The Local Fight Against “The Greatest Global Health Care Challenge of the 21st Century”
Pictured Above: Amyloid PET Scan imaging, which detects the plaques that cause Alzheimer’s Disease in the brain, is a crucial diagnostic tool that remains uncovered by insurance companies.
Alzheimer’s Disease is well on its way to becoming the “greatest global health care challenge of the 21st Century,” says Dr. Christopher Christodoulou, a neuropsychologist at the Stony Brook Center of Excellence for Alzheimer’s Disease, echoing an alarm being sounded around the world by Alzheimer’s researchers.
The disease causes a long-term decline in cognitive abilities and motor function and is ultimately fatal. It is is currently affecting 47 million people worldwide, nearly 6 million in the U.S. and 54,000 people on Long Island. And as people live longer, these numbers are expected to rise.
Dr. Christodoulou gave a presentation on the latest research in preventing Alzheimer’s Disease, organized by Stony Brook Eastern Long Island Hospital, at Peconic Landing Dec. 18.
While the greatest risk factor for Alzheimer’s Disease is advanced age, Dr. Christodoulou points out that, contrary to some public opinion, Alzheimer’s is not a normal part of aging. And while there is no treatment that can stop Alzheimer’s, early detection and lifestyle changes can help people with the disease lead much fuller and more enriching lives.
While no new Alzheimer’s medications have been approved in the last ten years, and those that have been approved merely temporarily slow the progression of the disease, there is a growing consensus among researchers that exercise holds a big key to not only preventing Alzheimer’s, but also improving the lives of people who already have the disease.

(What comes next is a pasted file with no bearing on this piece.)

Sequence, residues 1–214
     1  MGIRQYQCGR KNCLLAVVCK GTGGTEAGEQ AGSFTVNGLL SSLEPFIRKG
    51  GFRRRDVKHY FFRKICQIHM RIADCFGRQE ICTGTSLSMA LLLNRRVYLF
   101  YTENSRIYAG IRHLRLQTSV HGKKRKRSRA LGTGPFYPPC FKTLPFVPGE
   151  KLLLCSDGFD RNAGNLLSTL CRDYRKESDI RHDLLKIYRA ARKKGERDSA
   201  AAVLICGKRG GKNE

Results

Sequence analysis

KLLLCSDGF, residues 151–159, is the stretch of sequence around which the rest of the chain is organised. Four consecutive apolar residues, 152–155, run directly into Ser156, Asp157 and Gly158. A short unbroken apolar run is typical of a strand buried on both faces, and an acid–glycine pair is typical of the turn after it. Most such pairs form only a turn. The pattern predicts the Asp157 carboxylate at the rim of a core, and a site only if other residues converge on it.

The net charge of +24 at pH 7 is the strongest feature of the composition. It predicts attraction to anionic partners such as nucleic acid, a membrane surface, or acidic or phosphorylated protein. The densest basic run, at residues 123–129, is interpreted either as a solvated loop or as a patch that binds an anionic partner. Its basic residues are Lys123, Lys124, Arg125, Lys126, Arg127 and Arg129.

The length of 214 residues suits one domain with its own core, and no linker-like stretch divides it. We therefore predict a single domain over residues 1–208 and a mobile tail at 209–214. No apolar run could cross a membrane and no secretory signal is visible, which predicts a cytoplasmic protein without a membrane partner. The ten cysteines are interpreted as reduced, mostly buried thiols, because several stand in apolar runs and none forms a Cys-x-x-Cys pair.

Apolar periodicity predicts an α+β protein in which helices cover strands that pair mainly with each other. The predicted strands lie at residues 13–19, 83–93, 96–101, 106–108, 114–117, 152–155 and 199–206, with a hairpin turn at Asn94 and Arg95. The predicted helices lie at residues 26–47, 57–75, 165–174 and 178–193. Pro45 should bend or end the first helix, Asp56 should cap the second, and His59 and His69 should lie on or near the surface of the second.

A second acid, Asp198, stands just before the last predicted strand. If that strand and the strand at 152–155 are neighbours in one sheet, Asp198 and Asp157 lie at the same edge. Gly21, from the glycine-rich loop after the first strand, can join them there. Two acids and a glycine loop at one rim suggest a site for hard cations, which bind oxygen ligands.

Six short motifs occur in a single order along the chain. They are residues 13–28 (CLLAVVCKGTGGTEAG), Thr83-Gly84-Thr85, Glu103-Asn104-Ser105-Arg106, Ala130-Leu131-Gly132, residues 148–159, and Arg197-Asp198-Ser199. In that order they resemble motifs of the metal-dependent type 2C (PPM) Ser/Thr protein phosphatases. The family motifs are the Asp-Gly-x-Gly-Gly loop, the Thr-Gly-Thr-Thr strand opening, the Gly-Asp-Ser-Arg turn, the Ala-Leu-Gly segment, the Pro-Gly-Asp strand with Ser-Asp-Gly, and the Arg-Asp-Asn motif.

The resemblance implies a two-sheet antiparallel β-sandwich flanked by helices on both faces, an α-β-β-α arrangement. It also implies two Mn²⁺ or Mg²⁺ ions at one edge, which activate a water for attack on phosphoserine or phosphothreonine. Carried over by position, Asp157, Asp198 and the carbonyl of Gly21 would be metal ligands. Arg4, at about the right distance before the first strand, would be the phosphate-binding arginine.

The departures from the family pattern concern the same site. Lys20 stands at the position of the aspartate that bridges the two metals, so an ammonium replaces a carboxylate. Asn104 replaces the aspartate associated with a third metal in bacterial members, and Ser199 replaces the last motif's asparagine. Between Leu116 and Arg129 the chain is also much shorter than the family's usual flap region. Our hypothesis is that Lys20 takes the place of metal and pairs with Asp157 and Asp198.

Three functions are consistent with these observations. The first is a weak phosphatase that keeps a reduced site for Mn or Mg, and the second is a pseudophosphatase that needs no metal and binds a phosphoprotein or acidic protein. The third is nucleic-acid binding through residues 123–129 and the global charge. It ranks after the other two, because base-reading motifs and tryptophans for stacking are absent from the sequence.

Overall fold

“Until the 1990s, we thought that, as adults, we don’t grow any new brain cells, but it turns out the brain does create new cells in the hippocampus,” he said. “Exercise encourages this new cell growth.”
“Exercise is not only a preventative measure for dementias, but it can also be used to treat cognitive symptoms as well,” he added. “People who do aerobic exercise are able to do more cognitive tasks and learn new information better than those who don’t exercise. The size of the effect is larger than any of the medicines we have. Exercise is the best medicine.”
Dr. Christodoulou added that “treating vascular risk factors is very important,” both in prevention and treatment of Alzheimer’s, but also in other forms of dementia like vascular dementia, the second most common form of dementia that is often co-occurring in patients with Alzheimer’s.
Doctors tend to see three overlapping areas of concern as they look to prevent and treat Alzheimer’s Disease: Increasing the brain’s cognitive reserve, reducing brain damage and reducing brain inflammation.
Activities that help increase the brain’s cognitive reserve include preserving hearing — hearing loss is often co-occurring with the onset of Alzheimer’s — continued education and cognitive training.
Depression is also a major factor — and it is often one of the earliest signs that someone may be developing Alzheimer’s Disease.
“They’re not mutually exclusive, and each is a risk factor for the other,” he said. “Treating depression can help improve cognition.”